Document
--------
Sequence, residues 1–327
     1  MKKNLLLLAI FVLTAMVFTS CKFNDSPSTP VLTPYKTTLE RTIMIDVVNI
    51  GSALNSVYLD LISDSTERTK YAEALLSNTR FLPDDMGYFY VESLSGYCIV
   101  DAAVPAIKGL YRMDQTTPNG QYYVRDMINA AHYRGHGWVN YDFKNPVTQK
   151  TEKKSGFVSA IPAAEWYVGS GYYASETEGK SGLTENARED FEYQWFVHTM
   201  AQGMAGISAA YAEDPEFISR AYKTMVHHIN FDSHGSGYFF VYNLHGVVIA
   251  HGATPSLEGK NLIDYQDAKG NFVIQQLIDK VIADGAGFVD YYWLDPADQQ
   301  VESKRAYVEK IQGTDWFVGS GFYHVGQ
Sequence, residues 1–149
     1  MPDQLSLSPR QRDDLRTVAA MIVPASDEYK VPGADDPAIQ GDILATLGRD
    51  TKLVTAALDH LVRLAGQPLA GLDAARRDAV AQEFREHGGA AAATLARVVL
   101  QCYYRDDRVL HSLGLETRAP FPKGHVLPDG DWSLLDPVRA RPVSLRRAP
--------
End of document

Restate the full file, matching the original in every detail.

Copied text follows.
Sequence, residues 1–327
     1  MKKNLLLLAI FVLTAMVFTS CKFNDSPSTP VLTPYKTTLE RTIMIDVVNI
    51  GSALNSVYLD LISDSTERTK YAEALLSNTR FLPDDMGYFY VESLSGYCIV
   101  DAAVPAIKGL YRMDQTTPNG QYYVRDMINA AHYRGHGWVN YDFKNPVTQK
   151  TEKKSGFVSA IPAAEWYVGS GYYASETEGK SGLTENARED FEYQWFVHTM
   201  AQGMAGISAA YAEDPEFISR AYKTMVHHIN FDSHGSGYFF VYNLHGVVIA
   251  HGATPSLEGK NLIDYQDAKG NFVIQQLIDK VIADGAGFVD YYWLDPADQQ
   301  VESKRAYVEK IQGTDWFVGS GFYHVGQ
Sequence, residues 1–149
     1  MPDQLSLSPR QRDDLRTVAA MIVPASDEYK VPGADDPAIQ GDILATLGRD
    51  TKLVTAALDH LVRLAGQPLA GLDAARRDAV AQEFREHGGA AAATLARVVL
   101  QCYYRDDRVL HSLGLETRAP FPKGHVLPDG DWSLLDPVRA RPVSLRRAP